Despite these difficulties, Landre was able to make many positive connections in her host community. She had the opportunity to meet with members of the Florianópolis Association of Physically Disabled People, a local nongovernmental organization that seeks to empower and provide services for people with disabilities.
“I was able to have some fantastic conversations with them where we learned about the state of disability rights in each others’ countries,” she says. “This experience is part of what continues to inspire me to pursue disability advocacy across national borders.”
Landre drew on her experience in Florianópolis to investigate the state of disability rights policies in Latin America, a research project she has conducted with Carnes, director of the Center for Latin American Studies.
Their research, which they presented at the 2019 American Society for Public Administration (ASPA) Conference, explores the emergence of disability policies in the region and the obstacles to enacting them in practice.
Advocacy On and Off Campus
Landre has served as a commissioner for the Advisory Neighborhood Commission, a local government entity that advocates for the needs of constituents to the D.C. government since February 2019.
While at the ANC, Landre focused her efforts on “advocating for university infrastructure maintenance and planning that supports student interests and drawing attention to equity issues for people with disabilities throughout the District.”
During her sophomore year, she served as chair of GUSA’s Accessibility Policy Team, where she advocated for the rights of students with disabilities on campus.
Landre also the co-founded the Georgetown Disability Alliance, an on-campus organization whose mission is to promote community-building, education and advocacy on disability issues.
In the wake of the COVID-19 pandemic’s disruption to campus life, Landre says the Alliance has focused on working closely with Georgetown administrators to ensure that the university’s COVID-19 response keeps the access needs of students with disabilities and other marginalized groups in focus.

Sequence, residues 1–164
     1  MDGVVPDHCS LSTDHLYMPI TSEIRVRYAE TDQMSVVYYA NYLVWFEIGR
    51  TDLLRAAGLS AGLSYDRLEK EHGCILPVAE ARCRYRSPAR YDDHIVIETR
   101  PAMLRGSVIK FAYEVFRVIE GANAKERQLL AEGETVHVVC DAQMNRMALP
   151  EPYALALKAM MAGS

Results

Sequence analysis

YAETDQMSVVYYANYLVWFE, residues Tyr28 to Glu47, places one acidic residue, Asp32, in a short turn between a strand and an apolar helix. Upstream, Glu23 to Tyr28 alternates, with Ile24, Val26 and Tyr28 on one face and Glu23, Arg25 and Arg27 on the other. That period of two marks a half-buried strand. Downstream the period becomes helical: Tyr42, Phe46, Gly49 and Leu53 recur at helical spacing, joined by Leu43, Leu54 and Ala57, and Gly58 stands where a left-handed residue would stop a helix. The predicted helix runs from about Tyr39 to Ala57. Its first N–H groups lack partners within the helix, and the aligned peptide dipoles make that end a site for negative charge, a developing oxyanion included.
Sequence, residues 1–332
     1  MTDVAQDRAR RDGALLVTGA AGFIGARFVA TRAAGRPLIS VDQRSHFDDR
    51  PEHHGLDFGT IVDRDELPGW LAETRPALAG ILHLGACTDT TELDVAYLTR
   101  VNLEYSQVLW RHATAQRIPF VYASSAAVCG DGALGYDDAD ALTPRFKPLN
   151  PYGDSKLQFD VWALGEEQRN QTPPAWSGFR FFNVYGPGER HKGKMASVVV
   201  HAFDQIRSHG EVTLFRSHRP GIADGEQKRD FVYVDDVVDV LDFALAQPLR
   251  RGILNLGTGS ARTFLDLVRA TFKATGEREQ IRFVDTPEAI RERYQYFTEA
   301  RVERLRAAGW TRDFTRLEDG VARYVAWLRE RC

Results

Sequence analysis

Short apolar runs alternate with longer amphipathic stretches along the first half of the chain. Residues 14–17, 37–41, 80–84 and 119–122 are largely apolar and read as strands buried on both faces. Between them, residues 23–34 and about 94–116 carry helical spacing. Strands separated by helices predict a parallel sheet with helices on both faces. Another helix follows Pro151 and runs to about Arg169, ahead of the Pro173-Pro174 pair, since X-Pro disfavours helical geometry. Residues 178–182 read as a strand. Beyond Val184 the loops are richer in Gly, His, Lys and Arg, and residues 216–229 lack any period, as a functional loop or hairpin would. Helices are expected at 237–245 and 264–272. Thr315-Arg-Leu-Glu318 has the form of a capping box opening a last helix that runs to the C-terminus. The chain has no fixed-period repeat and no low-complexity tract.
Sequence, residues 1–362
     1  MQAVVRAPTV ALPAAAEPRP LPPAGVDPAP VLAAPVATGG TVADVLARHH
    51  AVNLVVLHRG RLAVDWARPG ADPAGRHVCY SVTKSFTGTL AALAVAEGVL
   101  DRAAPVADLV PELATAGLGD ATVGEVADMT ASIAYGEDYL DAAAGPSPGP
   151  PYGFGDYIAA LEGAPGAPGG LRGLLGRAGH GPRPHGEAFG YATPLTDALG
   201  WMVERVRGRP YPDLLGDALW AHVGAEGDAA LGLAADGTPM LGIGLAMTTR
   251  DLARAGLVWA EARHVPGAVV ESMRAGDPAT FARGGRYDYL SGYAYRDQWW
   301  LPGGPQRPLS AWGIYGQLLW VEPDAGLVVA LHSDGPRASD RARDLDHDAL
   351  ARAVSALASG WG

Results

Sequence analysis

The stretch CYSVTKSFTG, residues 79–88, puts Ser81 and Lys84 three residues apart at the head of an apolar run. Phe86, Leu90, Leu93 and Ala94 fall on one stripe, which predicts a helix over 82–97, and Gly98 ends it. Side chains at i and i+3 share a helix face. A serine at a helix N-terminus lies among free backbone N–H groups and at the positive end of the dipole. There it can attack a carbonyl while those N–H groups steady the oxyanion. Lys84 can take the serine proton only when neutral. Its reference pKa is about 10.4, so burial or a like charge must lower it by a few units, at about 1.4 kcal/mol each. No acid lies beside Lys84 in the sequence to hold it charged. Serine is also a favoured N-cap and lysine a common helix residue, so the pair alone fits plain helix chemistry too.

A Personal Fight for Justice
Landre’s advocacy work became particularly personal last year, when her summer internship caused her income to rise above the poverty line. This meant that she was ineligible for funding from New Jersey’s Medicaid program, which pays for a Personal Care Aide.
Without support to help her dress, cook or perform everyday maintenance, Landre knew she might not be able to continue her studies at Georgetown.
She called local and state representatives and shared her story with local media outlets. Her aim was simple, yet powerful—to change outdated insurance rules to ensure that people, like herself, would not have their lives upended by sudden changes in coverage.
The efforts resulted in an outpour of support that she said was “overwhelming, especially from other disabled people facing the same barriers.”
The fight is still ongoing. “They haven’t yet made this determination for others in my situation, and the discriminatory rules still stand,” she says.
Meanwhile, the Georgetown student is working to eliminate other discriminatory policies within the NJ Medicaid system. Working alongside her state senator and assembly members, she has successfully brought five bills to the state legislature that address issues such as transparency in service determinations, care assistance for students trying to access higher education, and ensuring increased policy input from the disability community.
Landre is hopeful that they will be passed soon.
Landre will continue the work that has defined much of her undergraduate academic and extracurricular experience and she feels that there is no better place to do that than at Georgetown.
“I’m drawn to the amazing faculty, students, and work that I’ve seen here throughout my undergraduate career,” she says, “and I look forward to continuing being a part of this environment.”